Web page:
Episode 76: The Gender Problem

The final continuation of the Peterborough Chronicle captured a major change in the history of the English language. That change was the loss of grammatical gender. The traditional distinctions between masculine and feminine nouns disappeared in the final few entries of the Chronicle. This development coincided with the first attempt to place a female on the English throne. In this episode, we look at the weakening of these traditional gender barriers.

17 thoughts on “Episode 76: The Gender Problem

  1. Great episode, Kevin!

    Did Old English, Norse, and Norman French use different genders for the same objects? Could confusion among speakers of the various languages also have contributed to the loss of genders in Middle English?

    • Yes, each language had its own gender classifications. Sometimes they were the same, and sometimes they were different.

      The second part of your question is more complicated, and different historical linguists would probably give you different answers. It is generally agreed that confusion over the inflectional endings ultimately contributed to their decline. That could have included confusion over gender, but it was also much broader than that. For example, the Old Norse endings and the Old English endings were different in almost every aspect of grammar. So grammatical gender was only part of the larger problem.

      I have always felt that the loss of inflectional endings contributed to the massive number of words borrowed by English in subsequent centuries. I have absolutely no authority to back me up on this theory, so I would never present in the podcast. But it seems to me that the loss of inflectional endings made it easier to borrow words because it wasn’t necessary to assign a specific set of agreed-upon endings to each borrowed word. The new word just came in and automatically worked. Again, it is just a personal theory.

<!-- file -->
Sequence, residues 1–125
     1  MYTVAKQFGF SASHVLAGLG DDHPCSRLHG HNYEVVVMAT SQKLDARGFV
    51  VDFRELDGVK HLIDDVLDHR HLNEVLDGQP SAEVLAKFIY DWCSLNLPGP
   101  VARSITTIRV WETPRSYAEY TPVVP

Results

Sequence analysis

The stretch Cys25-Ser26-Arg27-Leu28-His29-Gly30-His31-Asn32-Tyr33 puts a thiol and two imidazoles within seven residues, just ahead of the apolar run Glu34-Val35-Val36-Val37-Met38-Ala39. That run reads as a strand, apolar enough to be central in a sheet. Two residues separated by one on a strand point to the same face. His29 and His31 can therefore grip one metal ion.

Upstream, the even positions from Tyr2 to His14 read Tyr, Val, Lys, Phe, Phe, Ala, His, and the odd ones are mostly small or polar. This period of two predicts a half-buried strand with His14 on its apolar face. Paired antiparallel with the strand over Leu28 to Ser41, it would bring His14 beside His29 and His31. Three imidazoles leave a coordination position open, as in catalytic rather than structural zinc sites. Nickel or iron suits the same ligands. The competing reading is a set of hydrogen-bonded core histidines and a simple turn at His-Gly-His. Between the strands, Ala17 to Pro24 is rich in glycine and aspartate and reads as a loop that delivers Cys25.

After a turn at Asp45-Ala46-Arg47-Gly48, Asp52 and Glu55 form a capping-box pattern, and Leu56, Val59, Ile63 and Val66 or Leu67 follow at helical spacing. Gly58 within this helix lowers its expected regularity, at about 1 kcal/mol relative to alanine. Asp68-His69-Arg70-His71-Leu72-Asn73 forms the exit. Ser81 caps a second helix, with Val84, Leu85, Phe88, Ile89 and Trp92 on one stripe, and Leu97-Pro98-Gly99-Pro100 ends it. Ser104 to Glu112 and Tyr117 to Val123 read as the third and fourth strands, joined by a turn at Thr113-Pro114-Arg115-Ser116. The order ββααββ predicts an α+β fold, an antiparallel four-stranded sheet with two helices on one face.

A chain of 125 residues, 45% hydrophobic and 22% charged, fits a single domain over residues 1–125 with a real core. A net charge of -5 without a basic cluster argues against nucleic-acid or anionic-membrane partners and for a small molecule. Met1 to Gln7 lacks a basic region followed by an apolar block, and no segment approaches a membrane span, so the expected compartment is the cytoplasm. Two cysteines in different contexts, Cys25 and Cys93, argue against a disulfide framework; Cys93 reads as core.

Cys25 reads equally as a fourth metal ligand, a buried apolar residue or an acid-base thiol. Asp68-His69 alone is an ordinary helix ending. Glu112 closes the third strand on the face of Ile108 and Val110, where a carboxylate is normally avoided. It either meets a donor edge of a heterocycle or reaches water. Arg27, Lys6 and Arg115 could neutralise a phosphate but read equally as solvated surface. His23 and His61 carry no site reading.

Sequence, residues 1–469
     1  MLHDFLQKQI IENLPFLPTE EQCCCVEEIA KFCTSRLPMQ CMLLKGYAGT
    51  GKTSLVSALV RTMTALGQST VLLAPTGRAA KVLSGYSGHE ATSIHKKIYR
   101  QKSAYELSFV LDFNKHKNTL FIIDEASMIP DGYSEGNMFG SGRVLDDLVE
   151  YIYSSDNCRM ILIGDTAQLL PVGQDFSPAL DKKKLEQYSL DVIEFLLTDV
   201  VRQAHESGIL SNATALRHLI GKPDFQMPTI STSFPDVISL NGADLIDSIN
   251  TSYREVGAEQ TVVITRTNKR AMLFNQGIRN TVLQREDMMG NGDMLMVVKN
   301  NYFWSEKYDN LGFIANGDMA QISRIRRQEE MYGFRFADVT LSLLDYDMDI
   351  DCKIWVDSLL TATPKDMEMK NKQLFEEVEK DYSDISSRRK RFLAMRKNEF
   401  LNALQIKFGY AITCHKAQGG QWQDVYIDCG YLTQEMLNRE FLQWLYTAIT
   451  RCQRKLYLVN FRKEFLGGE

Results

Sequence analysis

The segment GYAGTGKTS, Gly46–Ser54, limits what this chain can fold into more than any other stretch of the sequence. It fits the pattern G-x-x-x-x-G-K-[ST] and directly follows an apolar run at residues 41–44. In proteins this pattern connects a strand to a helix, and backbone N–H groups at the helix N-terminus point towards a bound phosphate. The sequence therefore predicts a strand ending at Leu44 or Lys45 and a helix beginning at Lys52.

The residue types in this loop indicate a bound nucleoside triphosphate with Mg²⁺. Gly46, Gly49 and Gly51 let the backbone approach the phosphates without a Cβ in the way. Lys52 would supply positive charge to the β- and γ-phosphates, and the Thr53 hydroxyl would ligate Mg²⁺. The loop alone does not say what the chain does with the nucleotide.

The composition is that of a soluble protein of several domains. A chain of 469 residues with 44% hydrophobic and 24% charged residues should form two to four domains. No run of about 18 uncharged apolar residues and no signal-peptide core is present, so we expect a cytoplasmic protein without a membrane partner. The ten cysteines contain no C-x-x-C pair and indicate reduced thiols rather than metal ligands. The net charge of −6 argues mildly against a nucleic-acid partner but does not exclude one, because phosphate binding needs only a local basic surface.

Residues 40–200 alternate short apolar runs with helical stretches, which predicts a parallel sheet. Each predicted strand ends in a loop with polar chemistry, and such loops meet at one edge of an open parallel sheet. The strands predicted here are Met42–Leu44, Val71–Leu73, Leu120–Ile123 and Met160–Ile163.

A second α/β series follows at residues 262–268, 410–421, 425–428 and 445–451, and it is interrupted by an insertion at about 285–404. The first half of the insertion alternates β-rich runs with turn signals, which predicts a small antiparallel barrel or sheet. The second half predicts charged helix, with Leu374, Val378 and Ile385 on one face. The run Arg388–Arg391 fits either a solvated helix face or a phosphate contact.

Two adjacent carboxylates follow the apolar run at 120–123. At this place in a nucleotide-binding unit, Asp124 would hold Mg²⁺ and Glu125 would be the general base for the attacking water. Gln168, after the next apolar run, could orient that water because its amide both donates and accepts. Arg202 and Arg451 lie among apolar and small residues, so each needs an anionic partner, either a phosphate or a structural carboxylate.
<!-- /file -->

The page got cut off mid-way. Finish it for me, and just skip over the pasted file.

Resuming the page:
2. Kevin

    Wonderful, as always!

    Two questions:

    You mention that Old English “hund” was always masculine, even for female dogs. I know modern German still has a pair of variations on that word: Der Hund and Die Hündin. Do you happen to know when the -in construction appeared in German or whether a similar construction existed contemporaneously to Old English in the other Germanic languages. It seems that may have been a language feature developed (for German) to deal with exactly the uncomfortable case that you cite where grammatical and actual gender differ. Of course, there are many cases in German still today where this is a problem. (Das Mädchen, the (neutral) little girl, immediately comes to mind.)

    You talk a lot about the various forms of “the”, the definite article. Since you don’t mention indefinite articles (“a”, “an”), I assume those developed later? I am curious how the distinction between those two words developed, but it might cover it later. (Were “a” and “an” originally two distinct forms of the word that morphed over time to the phonetic rule we have today rather than a gender or part of speech rule? Or is “a” just a contracted form of “an”, in the same way French contracts “le” to “l'” in words like “l’homme”. I do not believe in French “l'” is considered word separate from “le”, but in English we seem to think “a” is a separate word from “an”.)

    • Hi Joe,

      I don’t know the answer to the first question. I am only aware of the Old English word ‘hund.’ Perhaps someone with a background in German can chime in and give you an answer.

      With respect to the second question, I chose to focus on the indefinite article ‘the’ because the use of that word marks a clear contrast between the last two Peterborough scribes. One of the first uses of ‘a’ as an article also appears in the final entries of the Peterborough Chronicle, so I will discuss that development in an upcoming episode. (BTW, I did briefly discuss the development of ‘a’ as an article in Episode 48. ‘An’ meant ‘one’ in Old English, and the article ‘an’ developed from that usage. ‘A’ was a shortened version of ‘an.’ Again, I will re-visit that discussion soon.)